Calvert County officials plan to keep two middle school girls locked up for weeks in hopes of stemming an epidemic of school bomb threats they they feel is creeping across their borders from neighboring counties.
The girls -- a 12-year-old from Port Republic and a 13-year-old from Prince Frederick -- were arrested in bomb threats made to Calvert Middle School on April 30 and May 4, said Robert B. Riddle, the county state's attorney. They probably will be detained at least until hearings scheduled for late this month and early next month, he said.
County school and law enforcement officials have adopted harsh measures such as the girls' long detention to fight what they see as another sign of urban life creeping into their rapidly developing county.
"We decided we need to get together and work together to put a stop to it," said Superintendent Jim Hook. Time in a juvenile detention center "sends a very strong message that Calvert County does not take this easily, that we do not consider this as something that's just a prank," he said.
Calvert's 14 school bomb threats this academic year are few compared with 153 in Anne Arundel and 27 in Prince George's counties, but school and law enforcement officials said they are shocked because they usually get one or two a year.
"We wanted to try and nip it in the bud, especially because of the problems Anne Arundel County has had with it," Riddle said.
After 10 threats last month, a dozen representatives from state and county police, the school system, the Department of Juvenile Justice and the state's attorney's office met for about two hours April 29 to decide how to stop the threats. The policy of long detentions came from that meeting. Previously, youths arrested on bomb-threat charges were released to their parents to await hearings.
The girls, now in a juvenile detention center, were the first to be arrested and charged with making bomb threats after the meeting. Their parents could not be reached for comment.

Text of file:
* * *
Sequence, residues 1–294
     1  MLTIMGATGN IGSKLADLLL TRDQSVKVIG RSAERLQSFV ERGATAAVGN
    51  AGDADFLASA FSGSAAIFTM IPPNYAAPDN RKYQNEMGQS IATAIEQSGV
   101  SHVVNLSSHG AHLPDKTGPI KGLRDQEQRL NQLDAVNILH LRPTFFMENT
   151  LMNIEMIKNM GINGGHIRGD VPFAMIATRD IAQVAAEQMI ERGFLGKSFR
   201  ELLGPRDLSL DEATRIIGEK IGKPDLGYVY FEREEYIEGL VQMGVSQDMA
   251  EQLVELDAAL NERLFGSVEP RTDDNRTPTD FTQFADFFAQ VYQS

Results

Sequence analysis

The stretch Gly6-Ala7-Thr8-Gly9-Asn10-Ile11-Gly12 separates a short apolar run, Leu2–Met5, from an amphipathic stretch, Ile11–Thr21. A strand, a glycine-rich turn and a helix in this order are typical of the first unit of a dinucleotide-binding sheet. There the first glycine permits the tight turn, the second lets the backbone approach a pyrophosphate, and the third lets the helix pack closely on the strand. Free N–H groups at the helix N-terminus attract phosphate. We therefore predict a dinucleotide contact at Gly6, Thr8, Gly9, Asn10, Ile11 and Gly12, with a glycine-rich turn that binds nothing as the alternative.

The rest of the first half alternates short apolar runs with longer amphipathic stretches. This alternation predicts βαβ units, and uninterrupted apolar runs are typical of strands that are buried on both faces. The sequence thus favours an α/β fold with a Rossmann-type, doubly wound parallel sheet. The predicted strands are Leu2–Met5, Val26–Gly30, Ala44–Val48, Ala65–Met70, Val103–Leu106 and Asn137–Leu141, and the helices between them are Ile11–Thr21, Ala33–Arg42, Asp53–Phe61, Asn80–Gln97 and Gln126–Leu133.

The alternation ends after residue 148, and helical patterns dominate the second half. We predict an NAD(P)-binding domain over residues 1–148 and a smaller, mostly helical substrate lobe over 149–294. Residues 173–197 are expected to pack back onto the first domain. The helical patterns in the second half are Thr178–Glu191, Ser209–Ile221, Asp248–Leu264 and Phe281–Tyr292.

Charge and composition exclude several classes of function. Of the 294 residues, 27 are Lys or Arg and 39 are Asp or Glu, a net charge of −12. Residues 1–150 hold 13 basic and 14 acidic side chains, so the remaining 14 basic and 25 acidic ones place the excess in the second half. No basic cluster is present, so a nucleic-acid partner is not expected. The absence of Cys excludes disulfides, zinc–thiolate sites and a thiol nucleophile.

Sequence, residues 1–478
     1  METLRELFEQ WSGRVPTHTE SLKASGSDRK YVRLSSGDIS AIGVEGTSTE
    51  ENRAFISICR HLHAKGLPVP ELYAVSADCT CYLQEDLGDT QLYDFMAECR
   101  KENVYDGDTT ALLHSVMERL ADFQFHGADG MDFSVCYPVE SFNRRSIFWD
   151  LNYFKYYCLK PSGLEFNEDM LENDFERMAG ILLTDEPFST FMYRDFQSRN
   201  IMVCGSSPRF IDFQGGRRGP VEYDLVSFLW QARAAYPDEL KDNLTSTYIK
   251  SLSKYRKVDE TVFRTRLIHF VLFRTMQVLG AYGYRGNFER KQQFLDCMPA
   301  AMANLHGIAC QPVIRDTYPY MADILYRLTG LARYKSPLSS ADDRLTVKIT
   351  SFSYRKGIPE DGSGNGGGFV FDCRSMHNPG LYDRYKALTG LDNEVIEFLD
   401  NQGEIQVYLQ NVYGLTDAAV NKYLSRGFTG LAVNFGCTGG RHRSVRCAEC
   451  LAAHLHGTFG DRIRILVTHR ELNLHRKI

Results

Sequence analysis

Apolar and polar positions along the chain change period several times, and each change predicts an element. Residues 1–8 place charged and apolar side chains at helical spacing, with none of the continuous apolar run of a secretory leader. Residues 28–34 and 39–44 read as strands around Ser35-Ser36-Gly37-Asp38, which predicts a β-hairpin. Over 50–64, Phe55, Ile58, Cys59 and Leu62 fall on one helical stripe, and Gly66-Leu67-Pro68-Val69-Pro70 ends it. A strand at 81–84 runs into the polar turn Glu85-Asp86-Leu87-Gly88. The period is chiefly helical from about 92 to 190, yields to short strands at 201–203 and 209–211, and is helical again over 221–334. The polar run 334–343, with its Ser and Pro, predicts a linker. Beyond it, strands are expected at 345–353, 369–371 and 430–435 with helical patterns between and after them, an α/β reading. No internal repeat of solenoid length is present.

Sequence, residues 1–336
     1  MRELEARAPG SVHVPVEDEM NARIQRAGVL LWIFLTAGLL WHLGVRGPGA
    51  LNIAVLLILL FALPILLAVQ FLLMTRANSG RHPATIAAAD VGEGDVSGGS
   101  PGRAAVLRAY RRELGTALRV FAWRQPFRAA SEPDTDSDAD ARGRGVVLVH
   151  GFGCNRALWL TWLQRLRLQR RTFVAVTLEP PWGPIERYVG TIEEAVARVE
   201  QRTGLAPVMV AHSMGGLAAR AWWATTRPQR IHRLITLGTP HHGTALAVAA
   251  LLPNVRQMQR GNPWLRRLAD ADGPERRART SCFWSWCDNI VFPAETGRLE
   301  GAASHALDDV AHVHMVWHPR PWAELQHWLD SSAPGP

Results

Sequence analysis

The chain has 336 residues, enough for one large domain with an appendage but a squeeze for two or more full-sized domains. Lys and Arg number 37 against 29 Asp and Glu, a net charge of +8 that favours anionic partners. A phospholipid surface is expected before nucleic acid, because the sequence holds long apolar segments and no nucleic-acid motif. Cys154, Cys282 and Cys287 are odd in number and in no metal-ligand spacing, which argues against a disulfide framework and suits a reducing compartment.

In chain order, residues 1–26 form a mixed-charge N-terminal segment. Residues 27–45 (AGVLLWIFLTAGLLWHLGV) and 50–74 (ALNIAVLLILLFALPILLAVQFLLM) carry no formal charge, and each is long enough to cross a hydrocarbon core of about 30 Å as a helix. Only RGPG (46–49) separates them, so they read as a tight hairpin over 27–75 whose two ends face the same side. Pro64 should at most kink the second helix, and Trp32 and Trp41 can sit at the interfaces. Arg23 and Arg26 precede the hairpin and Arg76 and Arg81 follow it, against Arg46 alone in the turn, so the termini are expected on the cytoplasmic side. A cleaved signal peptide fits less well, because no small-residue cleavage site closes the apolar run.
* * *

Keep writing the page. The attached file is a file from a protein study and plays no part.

Officials differ on why the rash of bomb threats has occurred, but most point to surrounding counties.
Leon Langley, principal of Northern Middle School, where there were nine threats this year, blamed the influx of newcomers.
"As a lifetime Calvert Countian, I think people come to Calvert County looking for the Calvert County cure -- the beautiful places, smaller communities," he said. "Everybody moves here looking for a good place, but many times they bring with them the same issues that they left behind."
Because the threats began in the northernmost middle schools, the relationship to Anne Arundel County could be significant, Riddle said.
"Many kids there probably have friends who go to Anne Arundel County schools, and they decided that it'd be fun to try it down here," Riddle said.
Prince George's County schools cut the number of bomb threats from 130 last academic year to 27 this year by emphasizing the severity of the charges, said spokeswoman Susan Hubbard. School officials put up posters and made a video showing high school students what would happen if they got arrested -- from being frisked to serving time in a detention center.
In Anne Arundel County, police spokeswoman Carol Frye said the department has tried to publicize each of the 55 bomb-threat arrests made this year as a deterrent.
She said she was surprised by Calvert County's detention policies.
"We've been criticized for just detaining them overnight," Frye said. "Parents of the juveniles are not pleased. They think it's too extreme that they're being detained overnight."
The detentions may be "very difficult for the parents of those particular kids," Riddle said. "But this is not a prank."
He said Calvert officials also plan to speed the juvenile hearing process in bomb-threat cases.
"In the past, if a kid makes a bomb threat in October, sometimes the trial doesn't happen until the summer, and school's out then," Riddle said. A speedier trial will get across the message about the consequences of making bomb threats, he said.
The Department of Juvenile Justice and his office are putting bomb-threat cases "at the top of the pile" and are planning a "substantial period of community service" for those convicted, Riddle said.
Ann Tupa, Northern Middle School's PTA president, said the parents she has talked to support the toughened rules "100 percent."
Langley said many Calvert residents seem to support the county's new stand.
Bomb threats are "upsetting to the community and disruptive to the education process," said Langley, who said teachers at Northern Middle began to take work along during evacuations "so that students know it's not playtime.
"Kids need to see the consequences of their actions," Langley said. "After they see what has happened to others, anyone who does it is truly stupid."
Pub Date: 5/09/98